Wednesday, January 9, 2019
Speech - our story (so far)
I've gone back and forth over posting about this, but really the majority of the people who read this blog are my mom and aunt and a few other friends who are already well aware of the situation. I've "met" so many amazing people and been able to share experiences throughout writing this blog, so if anyone reading has struggled with this same issue, I would love to hear from you.
My middle child, R, is going to turn 3 in May. He's sweet, attentive to his little sister, cuddly, kind, hilariously funny, an amazing climber, best friends with his older brother, great at gymnastics and building with blocks...the list goes on. He's currently nonverbal. For reference, the rule of thumb is one word by age one. Dalton and I were both late talkers and began speaking closer to age 2. To be nonverbal while closing in on age 3 is considerably beyond the platitudes that well meaning people try to help me feel better with "he's just a late talker!" and "he's focused on moving and climbing!". Don't get me wrong, I appreciate any and every attempt to help me emotionally, but once we hit 2.5 with no words, and also had an evaluation at a private children's hospital, I had to face reality that there was something more going on.
He was evaluated by Infants and Toddlers, which is Maryland's version of early intervention services. For those who don't know, every state is required to provide early intervention services for children birth-age 3 through the local school district. His initial evaluation was at 15 months old and he began speech services shortly after that. He has made great progress. He is now able to say initial sounds of words with prompting, and shake his head for yes and no consistently. That's HUGE! However, it's been frustrating for us that none of his progress has been saying actual words.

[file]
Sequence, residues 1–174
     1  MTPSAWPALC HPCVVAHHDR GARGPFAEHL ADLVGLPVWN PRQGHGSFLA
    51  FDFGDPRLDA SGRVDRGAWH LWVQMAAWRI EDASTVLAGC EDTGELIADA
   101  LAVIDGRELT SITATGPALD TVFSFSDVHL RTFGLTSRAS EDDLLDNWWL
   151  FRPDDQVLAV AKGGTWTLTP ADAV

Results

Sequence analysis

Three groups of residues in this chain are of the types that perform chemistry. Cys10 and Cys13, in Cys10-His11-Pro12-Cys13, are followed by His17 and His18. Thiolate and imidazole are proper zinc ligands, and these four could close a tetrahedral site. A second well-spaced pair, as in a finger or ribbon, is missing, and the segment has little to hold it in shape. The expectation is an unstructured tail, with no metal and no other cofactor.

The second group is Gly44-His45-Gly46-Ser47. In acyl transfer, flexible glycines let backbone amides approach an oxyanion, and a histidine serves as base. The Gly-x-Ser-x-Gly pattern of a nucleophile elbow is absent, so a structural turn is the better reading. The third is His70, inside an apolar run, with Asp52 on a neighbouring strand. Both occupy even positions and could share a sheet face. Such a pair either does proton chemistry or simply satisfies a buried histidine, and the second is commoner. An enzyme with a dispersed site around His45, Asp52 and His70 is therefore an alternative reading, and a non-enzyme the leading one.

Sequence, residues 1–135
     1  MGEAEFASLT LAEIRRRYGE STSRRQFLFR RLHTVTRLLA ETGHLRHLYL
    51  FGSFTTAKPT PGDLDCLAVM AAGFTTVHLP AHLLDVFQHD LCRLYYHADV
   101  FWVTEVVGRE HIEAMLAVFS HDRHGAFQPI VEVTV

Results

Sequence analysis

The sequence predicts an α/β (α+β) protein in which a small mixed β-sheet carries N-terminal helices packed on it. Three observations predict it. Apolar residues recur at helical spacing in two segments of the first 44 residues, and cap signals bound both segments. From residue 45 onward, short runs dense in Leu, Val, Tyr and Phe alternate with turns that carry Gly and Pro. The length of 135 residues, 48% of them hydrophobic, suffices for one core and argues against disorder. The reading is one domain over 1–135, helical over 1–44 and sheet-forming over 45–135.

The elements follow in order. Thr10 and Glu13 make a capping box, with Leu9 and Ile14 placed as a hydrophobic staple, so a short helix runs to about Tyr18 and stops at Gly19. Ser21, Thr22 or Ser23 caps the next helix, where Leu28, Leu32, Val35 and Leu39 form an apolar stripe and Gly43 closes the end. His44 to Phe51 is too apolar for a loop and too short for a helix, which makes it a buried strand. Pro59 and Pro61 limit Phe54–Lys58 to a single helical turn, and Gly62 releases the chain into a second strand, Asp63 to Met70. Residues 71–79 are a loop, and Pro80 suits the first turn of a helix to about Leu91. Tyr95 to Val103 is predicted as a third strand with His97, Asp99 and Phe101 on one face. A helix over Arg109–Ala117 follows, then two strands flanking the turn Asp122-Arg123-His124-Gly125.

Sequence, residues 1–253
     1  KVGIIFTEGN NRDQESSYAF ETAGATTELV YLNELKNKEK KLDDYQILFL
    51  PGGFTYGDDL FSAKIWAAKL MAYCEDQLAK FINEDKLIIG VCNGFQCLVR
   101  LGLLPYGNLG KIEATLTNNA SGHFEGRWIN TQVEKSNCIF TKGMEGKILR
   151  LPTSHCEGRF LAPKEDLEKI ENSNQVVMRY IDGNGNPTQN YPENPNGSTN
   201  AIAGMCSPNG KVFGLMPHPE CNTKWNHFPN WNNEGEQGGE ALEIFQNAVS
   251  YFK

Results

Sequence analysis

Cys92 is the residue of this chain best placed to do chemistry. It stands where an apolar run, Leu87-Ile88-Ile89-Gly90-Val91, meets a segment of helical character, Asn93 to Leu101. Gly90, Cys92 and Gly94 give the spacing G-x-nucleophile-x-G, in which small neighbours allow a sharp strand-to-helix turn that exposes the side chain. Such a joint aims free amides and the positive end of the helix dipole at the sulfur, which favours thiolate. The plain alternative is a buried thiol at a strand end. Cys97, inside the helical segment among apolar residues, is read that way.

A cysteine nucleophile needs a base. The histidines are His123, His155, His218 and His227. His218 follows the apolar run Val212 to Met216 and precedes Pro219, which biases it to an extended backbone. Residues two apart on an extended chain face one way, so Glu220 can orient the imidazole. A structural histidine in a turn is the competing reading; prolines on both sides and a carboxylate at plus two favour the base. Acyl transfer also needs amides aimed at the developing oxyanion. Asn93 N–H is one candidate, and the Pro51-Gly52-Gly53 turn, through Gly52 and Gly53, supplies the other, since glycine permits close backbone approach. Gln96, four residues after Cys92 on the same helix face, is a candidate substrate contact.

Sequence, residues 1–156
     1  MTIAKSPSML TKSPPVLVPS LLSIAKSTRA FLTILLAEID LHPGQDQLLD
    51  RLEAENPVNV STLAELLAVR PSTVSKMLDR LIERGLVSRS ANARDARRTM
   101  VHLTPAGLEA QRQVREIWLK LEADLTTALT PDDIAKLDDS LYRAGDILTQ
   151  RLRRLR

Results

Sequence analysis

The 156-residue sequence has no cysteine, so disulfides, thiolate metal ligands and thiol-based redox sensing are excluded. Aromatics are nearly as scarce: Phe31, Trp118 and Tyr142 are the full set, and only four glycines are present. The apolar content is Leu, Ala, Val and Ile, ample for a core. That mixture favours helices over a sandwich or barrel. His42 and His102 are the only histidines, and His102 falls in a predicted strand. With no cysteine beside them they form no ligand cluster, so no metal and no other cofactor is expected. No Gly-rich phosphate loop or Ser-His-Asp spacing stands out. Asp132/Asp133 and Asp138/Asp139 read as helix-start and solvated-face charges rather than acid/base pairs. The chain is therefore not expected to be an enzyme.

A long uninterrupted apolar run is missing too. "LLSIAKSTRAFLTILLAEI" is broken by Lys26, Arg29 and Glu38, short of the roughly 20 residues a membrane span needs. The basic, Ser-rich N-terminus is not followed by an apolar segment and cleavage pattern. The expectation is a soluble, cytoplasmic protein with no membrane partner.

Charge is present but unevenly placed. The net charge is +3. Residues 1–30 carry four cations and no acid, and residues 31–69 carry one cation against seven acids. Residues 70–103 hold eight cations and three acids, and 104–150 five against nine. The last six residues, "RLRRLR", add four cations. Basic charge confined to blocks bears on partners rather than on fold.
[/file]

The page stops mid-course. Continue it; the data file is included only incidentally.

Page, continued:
The big question everyone has is "why?". It's the question that has me up late at night, agonizing over everything I've done from his conception to now, wondering what I could have done differently so that this skill that comes so easily to most other children is so, so difficult for my son. .
R is still very young, too young for most diagnoses. He's been evaluated by an occupational therapist and had his hearing checked - both with a clean bill of health. His receptive language is fine. If I say "R I dropped my phone can you pick it up and hand it to me?" he can hear, understand, and follow that direction. As much as any two year old follows any direction, anyway. His cognitive abilities are right where they should be. He can articulate just about any sound. He just can't speak. And there's no simple answer why - some diagnosis, some label that I could obsessively google to see when kids with this particular issue begin speaking. FYI, it's not autism (that's the second question everyone asks). He's been extensively evaluated for autism by professionals and they've determined that's not the cause of his lack of speech.